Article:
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Production planning by mixed integer programming

Author: Pochet, Yves ; Wolsey, Laurence A. Series: Springer series in operations research and financial engineering Publisher: Springer, 2006.Language: EnglishDescription: 499 p. : Graphs ; 24 cm.ISBN: 0387299599Type of document: BookBibliography/Index: Includes bibliographical references and index
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Book Europe Campus
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Print TS160 .P63 2006
(Browse shelf)
001213200
Available 001213200
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Includes bibliographical references and index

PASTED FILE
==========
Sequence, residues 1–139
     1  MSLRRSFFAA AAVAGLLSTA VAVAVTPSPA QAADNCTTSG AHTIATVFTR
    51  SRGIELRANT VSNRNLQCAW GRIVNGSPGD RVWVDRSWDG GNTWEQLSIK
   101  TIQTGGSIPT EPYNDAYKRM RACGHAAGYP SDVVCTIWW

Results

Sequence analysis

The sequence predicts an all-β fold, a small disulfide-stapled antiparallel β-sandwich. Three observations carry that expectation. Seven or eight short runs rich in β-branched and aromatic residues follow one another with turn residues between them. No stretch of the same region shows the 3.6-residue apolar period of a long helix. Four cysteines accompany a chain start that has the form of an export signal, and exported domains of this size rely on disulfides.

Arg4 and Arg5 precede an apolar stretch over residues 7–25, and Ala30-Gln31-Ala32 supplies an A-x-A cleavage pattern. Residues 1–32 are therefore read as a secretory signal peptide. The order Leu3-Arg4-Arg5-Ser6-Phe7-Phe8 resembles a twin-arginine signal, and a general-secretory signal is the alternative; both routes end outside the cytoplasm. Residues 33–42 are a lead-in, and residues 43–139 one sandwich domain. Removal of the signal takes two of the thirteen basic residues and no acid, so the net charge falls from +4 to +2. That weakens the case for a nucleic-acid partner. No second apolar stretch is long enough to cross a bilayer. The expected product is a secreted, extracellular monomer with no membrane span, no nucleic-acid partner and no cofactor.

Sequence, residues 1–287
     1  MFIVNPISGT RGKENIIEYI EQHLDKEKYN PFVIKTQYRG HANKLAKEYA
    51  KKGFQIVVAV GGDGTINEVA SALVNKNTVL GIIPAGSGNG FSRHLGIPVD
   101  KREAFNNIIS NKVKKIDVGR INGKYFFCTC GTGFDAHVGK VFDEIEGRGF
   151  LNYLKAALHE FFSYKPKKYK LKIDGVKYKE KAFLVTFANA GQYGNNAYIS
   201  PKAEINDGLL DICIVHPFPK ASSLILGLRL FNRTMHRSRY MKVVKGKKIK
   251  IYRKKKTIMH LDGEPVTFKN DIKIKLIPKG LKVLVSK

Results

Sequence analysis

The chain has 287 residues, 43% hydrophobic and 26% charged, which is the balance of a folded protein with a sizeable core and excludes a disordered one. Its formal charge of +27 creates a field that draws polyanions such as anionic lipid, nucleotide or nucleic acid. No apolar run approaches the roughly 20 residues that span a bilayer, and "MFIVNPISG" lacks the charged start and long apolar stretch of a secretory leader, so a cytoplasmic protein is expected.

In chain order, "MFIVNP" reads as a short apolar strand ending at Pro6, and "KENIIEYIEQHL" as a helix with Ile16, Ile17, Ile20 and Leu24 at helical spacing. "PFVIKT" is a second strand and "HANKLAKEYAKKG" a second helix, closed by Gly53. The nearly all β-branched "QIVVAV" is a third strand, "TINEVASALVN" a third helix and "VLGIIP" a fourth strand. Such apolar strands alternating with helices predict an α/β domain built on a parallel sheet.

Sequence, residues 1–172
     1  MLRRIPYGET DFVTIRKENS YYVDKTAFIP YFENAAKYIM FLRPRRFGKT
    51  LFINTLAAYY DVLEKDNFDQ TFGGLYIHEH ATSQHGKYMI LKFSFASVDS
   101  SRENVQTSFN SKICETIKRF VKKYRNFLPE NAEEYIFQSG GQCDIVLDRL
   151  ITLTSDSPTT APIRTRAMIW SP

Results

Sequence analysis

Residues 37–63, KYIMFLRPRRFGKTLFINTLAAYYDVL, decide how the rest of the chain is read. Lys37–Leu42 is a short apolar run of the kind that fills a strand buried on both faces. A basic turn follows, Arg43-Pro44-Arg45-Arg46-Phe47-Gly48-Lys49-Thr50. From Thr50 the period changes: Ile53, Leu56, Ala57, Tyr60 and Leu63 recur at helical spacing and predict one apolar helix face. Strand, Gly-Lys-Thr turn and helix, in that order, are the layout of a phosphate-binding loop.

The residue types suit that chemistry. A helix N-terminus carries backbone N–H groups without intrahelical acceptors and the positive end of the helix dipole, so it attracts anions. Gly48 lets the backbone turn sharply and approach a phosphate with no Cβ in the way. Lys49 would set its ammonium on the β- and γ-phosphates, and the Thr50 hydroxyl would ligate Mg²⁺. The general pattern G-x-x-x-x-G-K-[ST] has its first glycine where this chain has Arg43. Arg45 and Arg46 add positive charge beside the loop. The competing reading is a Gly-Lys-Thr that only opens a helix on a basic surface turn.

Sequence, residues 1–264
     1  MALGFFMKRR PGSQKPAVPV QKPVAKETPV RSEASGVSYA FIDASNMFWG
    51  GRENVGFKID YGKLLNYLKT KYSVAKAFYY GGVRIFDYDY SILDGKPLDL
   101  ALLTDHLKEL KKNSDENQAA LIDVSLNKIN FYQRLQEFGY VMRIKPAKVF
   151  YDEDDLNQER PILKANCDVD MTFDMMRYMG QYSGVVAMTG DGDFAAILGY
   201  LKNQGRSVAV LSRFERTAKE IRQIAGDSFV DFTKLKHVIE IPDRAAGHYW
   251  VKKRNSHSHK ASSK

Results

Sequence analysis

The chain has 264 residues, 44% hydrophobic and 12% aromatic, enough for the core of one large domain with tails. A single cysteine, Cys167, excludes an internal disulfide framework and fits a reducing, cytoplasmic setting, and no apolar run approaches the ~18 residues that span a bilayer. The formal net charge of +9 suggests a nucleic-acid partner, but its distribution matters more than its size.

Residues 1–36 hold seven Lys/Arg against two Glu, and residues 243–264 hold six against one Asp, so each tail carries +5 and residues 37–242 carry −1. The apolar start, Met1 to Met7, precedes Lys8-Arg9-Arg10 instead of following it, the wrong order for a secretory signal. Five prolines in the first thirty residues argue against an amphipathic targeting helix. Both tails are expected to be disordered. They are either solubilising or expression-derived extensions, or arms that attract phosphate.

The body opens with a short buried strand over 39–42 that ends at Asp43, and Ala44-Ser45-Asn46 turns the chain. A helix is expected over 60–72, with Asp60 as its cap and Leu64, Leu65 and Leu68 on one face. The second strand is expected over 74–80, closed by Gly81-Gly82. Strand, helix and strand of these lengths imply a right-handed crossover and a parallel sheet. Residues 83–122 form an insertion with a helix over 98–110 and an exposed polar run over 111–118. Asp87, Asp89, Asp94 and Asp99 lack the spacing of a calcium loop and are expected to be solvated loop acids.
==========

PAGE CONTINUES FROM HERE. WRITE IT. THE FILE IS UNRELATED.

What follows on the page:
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Production Planning by Mixed Integrer Programming Contents Part I Production Planning and MIP Introduction........................................................................................................ 3 1 The Modeling and Optimization Approach ................................................... 1.1 A Tiny Planning Model ........................................................................ 1.1.1 Problem Description .............................................................. 1.1.2 Some Solutions....................................................................... 1.1.3 A First Model ............................................................................ 1.1.4 Optimizing the Model............................................................... 1.2 A Production Planning Example ........................................................ 1.2.1 Problem Description .............................................................. 1.2.2 Modeling.................................................................................... 1.2.3 Mathematical Formulation..................................................... 1.2.4 Implementation ..................................................................... 1.2.5 Optimization Results ............................................................. Exercises .................................................................................................. Notes............................................................................................................. 2 Production Planning Models and Systems .................................................. 2.1 Some Production Planning Models..................................................... 2.2 The MRP Planning Model..................................................................... 2.2.1 The Planning Model and Its Inputs........................................ 2.2.2 The Planning Process: Single Item Decomposition ................ 2.2.3 Limitations of MRP and the Optimization Answer.................. 2.3 Advanced Planning Systems ............................................................. 2.3.1 Supply Chain Planning ......................................................... 2.3.2 Advanced Planning Systems and the Supply Chain Planning Matrix ................................................................... 2.4 Some Supply Chain Planning Problems ........................................... 2.4.1 Strategic Network Design Problems........................................ 7 9 9 10 11 15 16 16 21 25 26 30 33 36 39 41 46 47 55 62 66 66 68 71 71 2.4.2 Supply Chain Master Planning Problems............................. 72 Notes........................................................................................................... 74 3 Mixed Integer Programming Algorithms..................................................... 77 3.1 Mixed Integer Linear Programs ........................................................ 78 3.2 Running Time of Algorithms............................................................. 81 3.2.1 Performance of an Algorithm ................................................ 81 3.2.2 The Size of a Formulation ..................................................... 84 3.3 Branch-and-Bound Algorithm......................................................... 85 3.3.1 The Enumeration Principle .................................................. 85 3.3.2 The Branch-and-Bound Algorithm....................................... 88 3.3.3 Node Selection and Branching Rules ................................... 91 3.3.4 Solution Quality and Duality Gap ....................................... 92 3.4 Reformulation................................................................................... 93 3.4.1 The Quality of a Formulation ............................................... 93 3.4.2 Valid Inequalities.................................................................. 95 3.4.3 A Priori Reformulation........................................................... 97 3.4.4 A Priori and Extended Reformulation................................. 100 3.5 Branch-and-Cut Algorithm ........................................................... 101 3.5.1 Separation Algorithm .......................................................... 101 3.5.2 Cutting Plane Algorithm....................................................... 102 3.5.3 Branch-and-Cut Algorithm .................................................104 3.6 Primal Heuristics - Finding Feasible Solutions ............................. 107 3.6.1 Construction Heuristics ................................................... 108 3.6.2 Improvement Heuristics .................................................... 111 Notes.......................................................................................................... 113 4 Classification and Reformulation.............................................................. 115 4.1 Using Reformulations for Lot-Sizing Models................................... 117 4.1.1 Using A Priori Extended Reformulations ........................... 118 4.1.2 Using Cutting Planes .......................................................... 121 4.1.3 Using Approximate Reformulations .................................... 125 4.2 The Decomposition Approach for Complex Models ........................ 126 4.3 Model Classification ........................................................................ 128 4.3.1 Single-Item Classification..................................................... 129 4.3.2 Description of the Field PROB .................................................. 130 4.3.3 Description of the Field CAP....................................................... 130 4.3.4 Mathematical Formulations for PROB-CAP ............................ 131 4.3.5 Description of the Field VAR.......................................................... 134 4.3.6 Mathematical Formulations for PROB-CAP-VAR .................. 136 4.3.7 The Classification PROB-CAP-VAR............................................. 139 4.4 Reformulation Results: What and Where....................................... 140 4.4.1 Results for PROB-[U, CC] ............................................................. 141 4.4.2 Results for Backlogging Models PROB-[U, CC]-B.................... 142 4.4.3 Results for Start-Up Cost Models PROB-[U, CC]-SC ............ 142 4.4.4 The Reformulation Procedure..............................................143 4.5 A Production Planning Example: Reformulation and Solution .....145 Exercises .............................................................................................. 153 Notes.......................................................................................................... 153 5 Reformulations in Practice ....................................................................... 155 5.1 Extended Reformulations................................................................156 5.1.1 The Classical Approach for WW-U................................................156 5.1.2 The Black-Box Approach for WW-U ............................................ 157 5.1.3 The Classical Approach for LS-U ................................................. 159 5.1.4 The Black-Box Approach for LS-U ............................................... 160 5.2 Cut Separation............................................................................. 161 5.2.1 The Classical Approach for LS-U ................................................. 161 5.2.2 The Black-Box Approach for LS-U ............................................... 161 5.3 Heuristics in LS­LIB......................................................................... 162 5.3.1 Calling a Construction Heuristic ........................................ 162 5.3.2 Calling an Improvement Heuristic ...................................... 163 5.4 LS­LIB Procedures ........................................................................... 164 5.4.1 Reformulations ­ XForm ...................................................... 164 5.4.2 Cutting Plane Separation ­ XCut ....................................... 165 5.4.3 Heuristics ­ XHeur ..............................................................165 5.5 Two Practice Cases...........................................................................167 5.5.1 Consumer Goods Production Line: Problem Description .. 167 67 5.5.2 Cleaning Liquids Bottling Line: Problem Description . . . .....168 5.6 The Consumer Goods Production Line Case .................................169 5.6.1 Initial Classification ............................................................ 169 5.6.2 Initial Formulation ............................................................. 169 5.6.3 Reformulation and Algorithms ........................................... 170 5.6.4 Results............................................................................... 171 5.6.5 Sensitivity Analysis.............................................................. 172 5.7 The Cleaning Liquids Bottling Line Case ....................................... 173 5.7.1 Initial Classification ............................................................ 173 5.7.2 Initial Formulation ............................................................. 173 5.7.3 Reformulation and Algorithms ........................................... 174 5.7.4 Results............................................................................... 174 5.7.5 Sensitivity Analysis.............................................................. 175 5.7.6 Heuristics .......................................................................... 176 Exercises ............................................................................................... 177 Notes.......................................................................................................... 180 Part II Basic Polyhedral Combinatorics for Production Planning and MIP 6 Mixed Integer Programming Algorithms and Decomposition Approaches ...................................................................185 6.1 Polyhedra, Formulations, Optimization, and Separation .............. 186 6.1.1 Formulations of an Integer Program .................................. 186 6.1.2 Valid Inequality Representation of Polyhedra .....................187 6.1.3 Extreme Point Representation of Polyhedra........................189 6.1.4 Cutting Planes and the Separation Problem ...................... 190 6.1.5 Extended Formulations ......................................................191 6.1.6 Optimization and Separation: Polynomial Equivalence ..... 192 6.1.7 Optimization and Separation for Polynomially Solvable Problems............................................................... 193 6.2 Decomposition and Reformulation ................................................ 195 6.2.1 Decomposition of a Multi-Item Lot-Sizing Problem . . . ..... 196 6.3 Decomposition Algorithms...............................................................197 6.3.1 Decomposition Algorithms I: Valid Inequalities and Separation........................................................................ 197 6.3.2 Decomposition Algorithms II: Lagrangian Relaxation and Column Generation...................................................198 6.3.3 Decomposition Algorithms III: Hybrid Algorithms . . . ....... 201 6.4 Convex Hull Proofs........................................................................... 203 Exercises ............................................................................................... 204 Notes.......................................................................................................... 205 7 Single-Item Uncapacitated Lot-Sizing....................................................... 207 7.1 The Uncapacitated Lot-Sizing Problem (LS-U) .......................................207 7.2 Structure of Optimal Solutions of LS-U .................................................. 209 7.3 A Dynamic Programming Algorithm for LS-U ....................................... 212 7.4 Linear Programming Reformulations of LS-U ....................................... 217 7.4.1 Valid Inequalities for LS-U ............................................................. 217 7.4.2 Extended Formulations for LS-U...................................................221 7.5 Wagner-Whitin Costs...................................................................... 224 7.6 Partial Formulations ..................................................................... 226 7.7 Some Convex Hull Proofs................................................................. 228 Exercises ............................................................................................... 231 Notes.......................................................................................................... 233 8 Basic MIP and Fixed Cost Flow Models......................................................235 8.1 A Two-Variable Basic Mixed Integer Set ......................................... 237 8.1.1 Valid Inequalities and Formulations................................... 237 8.1.2 Optimal Solutions ...............................................................239 8.2 The MIP Set........................................................................................ 240 8.3 The Mixing Set ................................................................................. 241 8.3.1 Extreme Points ................................................................... 242 8.3.2 Valid Inequalities.................................................................242 8.3.3 Separation of the Mixing Inequalities .................................244 8.3.4 An Extended Formulation for conv(XkMIX)...................................... 245 8.3.5 Application of the Mixing Reformulation ............................ 247 8.4 Reformulation Approaches for More General Mixing Sets ............ 247 8.5 The Continuous Mixing Set............................................................ 249 8.6 Divisible Capacity Mixing Sets ........................................................ 253 8.6.1 The Two-Capacity Mixing Set .............................................. 253 8.6.2 The Divisible Mixing Set .......................................................253 8.7 The Continuous Integer Knapsack Set and the Gomory Mixed Integer Set ........................................................................... 255 8.8 The Continuous 0-1 Knapsack Set................................................257 8.9 The Binary Single-Node Flow Set ....................................................260 8.10 Some Convex Hull Proofs............................................................... 263 Exercises ............................................................................................... 264 Notes.......................................................................................................... 269 Part III Single-Item Lot-Sizing 9 Lot-Sizing with Capacities ........................................................................ 273 9.1 Complexity ........................................................................................274 9.2 Regeneration Intervals ................................................................... 274 9.3 Discrete Lot-Sizing with Constant Capacities ................................276 9.3.1 Valid Inequalities for DLS-CC.....................................................276 9.3.2 Optimization for DLS-CC ............................................................ 276 9.3.3 Parametric Optimization for DLS-CC........................................277 9.4 Discrete Lot-Sizing with Initial Stock and Constant Capacities ... 279 9.4.1 Valid Inequalities for DLSI-CC.................................................... 280 9.4.2 Extended Formulation for DLSI-CC ..........................................280 9.5 Lot-Sizing with Wagner­Whitin Costs and Constant Capacities....281 9.5.1 Optimization for WW-CC ............................................................. 281 9.5.2 Valid Inequalities for WW-CC..................................................... 283 9.5.3 Extended Formulations for WW-CC.......................................... 284 9.6 Lot-Sizing with Constant Capacities ............................................. 284 9.6.1 Optimization: An Algorithm for LS-CC..................................... 284 9.6.2 Valid Inequalities for LS-CC .......................................................287 9.6.3 Extended Formulation for LS-CC.............................................. 288 9.6.4 Resume of Results...............................................................289 9.7 Lot-Sizing with Varying Capacities ................................................. 290 9.7.1 Valid Inequalities for WW-C ...........................................................290 9.7.2 Simple Valid Inequalities for LS-C ........................................... 292 9.7.3 Submodular Inequalities for LS-C ............................................294 9.7.4 Lifted (1, S) Inequalities for DLSI-C............................................ 298 Exercises ............................................................................................... 300 Notes.......................................................................................................... 301 10 Backlogging and Start-Ups ....................................................................... 303 10.1 Backlogging .................................................................................... 304 10.2 Backlogging: The Uncapacitated Case.......................................... 304 10.2.1 Extreme Points and Optimization .................................... 304 10.2.2 Tight Formulations and Inequalities for LS-U-B ..................306 10.2.3 Tight Formulations and Inequalities for WW-U-B................. 308 10.3 Backlogging: The Constant Capacity Case................................... 311 10.3.1 Discrete Lot-Sizing with Backlogging DLS-CC-B .................311 10.3.2 Discrete Lot-Sizing with Initial Stocks and Backlogging DLSI-CC-B .............................................................315 10.3.3 Lot-Sizing with Wagner--Whitin Costs and Backlogging WW-CC-B .............................................................. 316 10.3.4 Lot-Sizing with Backlogging LS-CC-B.....................................318 10.3.5 Resume of Results............................................................. 319 10.4 Start-Up Costs: The Uncapacitated Case .................................... 319 10.4.1 A Dynamic Programming Algorithm for LS-U-SC . . . ........ 320 10.4.2 Tight Formulations and Inequalities for LS-U-SC ...............321 10.4.3 Wagner--Whitin Costs WW-U-SC............................................ 323 10.5 Start-Up Costs: The Capacitated Case ........................................ 323 10.5.1 The Discrete Lot-Sizing Problem DLS-CC-SC....................... 323 10.5.2 Capacitated Lot-Sizing with Start-Up Costs LS-C-SC ........326 10.5.3 Resume of Results............................................................. 329 10.6 Backlogging and Start-Ups WW-U-B, SC .......................................... 330 Exercises ............................................................................................... 331 Notes.......................................................................................................... 333 11 Single-Item Variants.................................................................................335 11.1 Sales or Variable Demand (SL) ................................................................. 336 11.1.1 The Uncapacitated Case: Sales and Arbitrary Demands . 337 11.1.2 The Uncapacitated Case: Sales and Nonnegative Demands.......................................................................... 338 11.2 Lower Bounds on Production (LB) ............................................................ 339 11.2.1 A Wagner--Whitin Relaxation WW-CC-LB ............................ 339 11.2.2 A Wagner--Whitin Relaxation with Backlogging WW-CC-B, LB................................................................................ 340 11.3 Lower Bounds on Production in a Set-Up Sequence ...................340 11.3.1 Almost Full Capacity Production (AFC)................................... 340 11.3.2 Minimum Production Level per Set-Up Sequence (MR) ..... 340 11.4 Restricted Length Set-Up Sequences (RLS)..........................................341 11.4.1 Varying Length Sequences................................................. 341 11.4.2 Constant Length Sequences..............................................342 11.5 Piecewise Concave Production Costs (CP)............................................344 11.6 Production Time Windows (TW P)........................................................... 345 11.6.1 An Algorithm for WW-U-TWP and Extended Formulation for WW-CC-TWP.................................................... 346 11.6.2 Indistinguishable Time Windows LS-C-TW P(I) and an Equivalent Problem....................................................... 348 11.6.3 A Dynamic Programming Algorithm for LS-U-TWP(I) 349 11.6.4 A Tight Extended Formulation for LS-U-TWP(I).....................350 11.7 Upper Bounds on Stocks (SUB)............................................................... 351 11.7.1 Equivalence to LS-CAP-TWP(I) ....................................................351 11.7.2 Valid Inequalities for LS-U-SUB............................................... 351 11.7.3 Valid Inequalities for WW-CC-SUB and WW-CC-B, SUB............................................................................ 352 11.8 Safety Stocks or Piecewise Convex Storage Costs (SS) .................. 353 11.8.1 Mixing Set Relaxations for LS-CC-SS.................................... 354 11.9 A Model with Backlogging, Sales Markets, and Concave Production Costs.......................................................................... 356 11.10 Stochastic Lot-Sizing on a Tree.................................................. 358 11.10.1 Mixing Set Relaxations with Constant Capacities ......... 359 11.10.2 Valid Inequalities for LS-CC-TREE....................................... 361 Exercises ............................................................................................... 361 Notes..........................................................................................................363 Part IV Multi-Item Lot-Sizing 12 Multi-Item Single-Level Problems ...........................................................369 12.1 Joint Resource Classification.......................................................371 12.1.1 Production Mode Classification ........................................ 371 12.1.2 Production Quantity Classification .................................. 372 12.2 Production Mode Models: One Set-Up ......................................... 374 12.2.1 Single Set-Up Constraint: M1. .......................................................................... 374 12.2.2 Start-Ups and Changeovers M1-{SC, SQ} ............................. 376 12.3 Production Modes: Two or More Set-Ups..................................... 378 12.3.1 Two Set-Ups: M2 .............................................................................379 12.3.2 Any Number of Set-Ups...................................................... 380 12.4 Production Quantity Constraints PQ ...............................................383 12.4.1 Product Resource Constraints PC and PC-SU .................... 383 12.5 Family Set-Ups: PC-FAM ........................................................................386 Exercises ............................................................................................... 388 Notes..........................................................................................................391 13 Multi-Level Lot-Sizing Problems............................................................... 395 13.1 Production in Series ML-S..........................................................................397 13.1.1 Optimization for ML-S/LS-U ................................................. 398 13.1.2 The Echelon Stock Reformulation for ML-S..........................400 13.1.3 Multi-Commodity Reformulations: Uncapacitated Case .402 13.1.4 Valid Inequalities for ML-S/LS-U..........................................403 13.1.5 Nested Solutions ............................................................. 405 13.2 Assembly Systems ....................................................................... 406 13.2.1 Nested Solutions ............................................................. 407 13.2.2 Lead-Times and Echelon Stocks ..................................... 407 13.3 General Systems ......................................................................... 409 13.4 Production and Distribution ...................................................... 411 13.4.1 Production Center and Sales Area Aggregation...............412 13.4.2 Sales Area Aggregation .....................................................414 Exercises ............................................................................................... 415 Notes.......................................................................................................... 416 Part V Problem Solving 14 Test Problems............................................................................................421 14.1 Making and Packing .................................................................... 422 14.1.1 Problem Description ........................................................ 422 14.1.2 Classification ................................................................... 426 14.1.3 Initial Formulation ......................................................... 427 14.1.4 Reformulations and Algorithms ...................................... 431 14.1.5 Analysis of Capacity and Customer Service Level............434 14.2 Storage Rack Production ............................................................. 436 14.2.1 Problem Description ........................................................ 436 14.2.2 Classification ................................................................... 439 14.2.3 Initial Formulation ......................................................... 440 14.2.4 Improving the Initial Formulation .................................. 443 14.2.5 Choosing the Appropriate Extended Reformulations . . . 444 14.2.6 Results with Extended Reformulations .......................... 445 14.2.7 Results with Primal Heuristics .......................................446 14.3 Insulating Board Extrusion ....................................................... 448 14.3.1 Problem Description ........................................................ 448 14.3.2 Classification ................................................................... 451 14.3.3 Initial Formulation ......................................................... 452 14.3.4 Improving the Initial Formulation .................................. 455 14.3.5 Results with Reformulations ...........................................459 14.3.6 The Multi-Period Planning and Scheduling Extension ... 460 14.4 Pigment Sequencing .................................................................... 466 14.4.1 Initial Formulation ......................................................... 466 14.4.2 Classification ................................................................... 466 14.4.3 Reformulations.................................................................. 467 14.4.4 Computational Results with Reformulations ................... 467 14.4.5 Modeling Periods with No Production ............................... 468 14.5 Process Manufacturing ............................................................... 470 14.5.1 Classification .....................................................................470 14.5.2 Initial Formulation ...........................................................471 14.5.3 Reformulation ................................................................... 472 14.5.4 Computational Results..................................................... 473 14.6 Powder Production .......................................................................473 14.6.1 Classification .....................................................................474 14.6.2 Initial Formulation ...........................................................474 14.6.3 Testing the Initial Formulation and Reformulations ........475 14.6.4 Finding Lower Bounds for Powder Production .................477 14.6.5 Finding Upper Bounds for Powder Production ................ 477 Exercises ............................................................................................... 478 Making and Packing ..................................................................... 478 Storage Rack Production ............................................................. 479 Insulating Board Extrusion .........................................................479 Process Manufacturing ................................................................480 Notes.......................................................................................................... 480 References...................................................................................................... 483 Index...................................................................................................................493